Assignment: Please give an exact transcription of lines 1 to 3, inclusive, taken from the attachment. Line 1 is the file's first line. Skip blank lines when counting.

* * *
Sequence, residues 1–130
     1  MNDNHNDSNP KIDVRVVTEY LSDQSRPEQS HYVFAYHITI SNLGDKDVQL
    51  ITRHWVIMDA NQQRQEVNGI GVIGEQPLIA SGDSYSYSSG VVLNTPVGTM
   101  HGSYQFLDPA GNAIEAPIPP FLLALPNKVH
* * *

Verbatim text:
Sequence, residues 1–130
     1  MNDNHNDSNP KIDVRVVTEY LSDQSRPEQS HYVFAYHITI SNLGDKDVQL
    51  ITRHWVIMDA NQQRQEVNGI GVIGEQPLIA SGDSYSYSSG VVLNTPVGTM